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    Disease index (DI) for powdery mildew based on Zheng et al. (2013). (A) DI = 1, (B) DI = 2, (C) DI = 3, (D) DI = 4, (E) DI = 5, abaxial, and (F) DI = 5, adaxial, where 0 = no visible sporulation, 1 = restricted chlorotic spots on the adaxial leaf surface, with weak or no sporulation on the abaxial leaf area; 2 = several isolated sporulation spots on the abaxial leaf area; 3 = numerous sporulation spots covering up to 40% to 50% of the abaxial leaf area; 4 = numerous coalescent sporulation spots covering up to 75% of the abaxial leaf area; and 5 = the whole abaxial surface of the leaf, and also parts of the adaxial leaf surface, covered with dense sporulation.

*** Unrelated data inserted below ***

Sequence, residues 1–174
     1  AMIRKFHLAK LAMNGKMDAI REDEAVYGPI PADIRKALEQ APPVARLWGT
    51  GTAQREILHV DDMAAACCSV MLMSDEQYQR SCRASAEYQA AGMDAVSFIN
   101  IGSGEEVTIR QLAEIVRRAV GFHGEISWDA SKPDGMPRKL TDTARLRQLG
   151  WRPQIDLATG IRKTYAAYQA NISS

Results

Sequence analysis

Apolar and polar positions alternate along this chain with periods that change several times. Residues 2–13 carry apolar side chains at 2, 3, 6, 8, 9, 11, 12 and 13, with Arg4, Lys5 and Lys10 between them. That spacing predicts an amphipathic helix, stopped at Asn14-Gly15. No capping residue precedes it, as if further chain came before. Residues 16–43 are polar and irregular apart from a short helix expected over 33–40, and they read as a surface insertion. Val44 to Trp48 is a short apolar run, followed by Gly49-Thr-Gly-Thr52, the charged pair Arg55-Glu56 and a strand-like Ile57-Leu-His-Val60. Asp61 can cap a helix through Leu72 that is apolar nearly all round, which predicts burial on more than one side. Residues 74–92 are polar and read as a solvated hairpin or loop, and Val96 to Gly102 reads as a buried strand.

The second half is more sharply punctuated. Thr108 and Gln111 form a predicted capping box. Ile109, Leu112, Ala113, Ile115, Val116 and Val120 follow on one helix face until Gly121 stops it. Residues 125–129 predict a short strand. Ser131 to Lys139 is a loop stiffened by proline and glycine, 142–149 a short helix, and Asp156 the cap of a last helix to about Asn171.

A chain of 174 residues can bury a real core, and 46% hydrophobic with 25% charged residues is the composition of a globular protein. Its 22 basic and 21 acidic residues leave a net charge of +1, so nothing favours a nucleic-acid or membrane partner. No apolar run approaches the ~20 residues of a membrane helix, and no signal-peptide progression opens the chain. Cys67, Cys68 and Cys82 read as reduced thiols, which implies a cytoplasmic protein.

• View in gallery

    Hypersensitive response (HR) to plant infection by powdery mildew on individual leaf (A) and entire plant (B). HR was given a disease index score of 1.

  • Bosland, P.W. 2000 Sources of curly top virus resistance in Capsicum HortScience 35 1321 1322

  • Bosland, P.W. & Votava, E.J. 2012 Peppers vegetable and spice capsicums. 2nd ed. CABI, Cambridge, MA

  • Bosland, P.W. & Walker, S. 2014 Growing chiles in New Mexico. NMSU Coop. Ext. Serv. Guide H-230

  • Goldberg, N. 2004 Powdery mildew on chile peppers. NMSU Coop. Ext. Serv. Guide H-248

  • Jo, J., Venkatesh, J., Han, K., Lee, H.Y., Choi, G.J., Lee, H.J., Choi, D. & Kang, B.C. 2017 Molecular mapping of PMR1, a novel locus conferring resistance to powdery mildew in pepper (Capsicum annuum) Front. Plant Sci. 8 1 11

    • Search Google Scholar
    • Export Citation
  • Jørgensen, J.H. 1992 Discovery, characterization and exploitation of Mlo powdery mildew resistance in barley Euphytica 63 141 152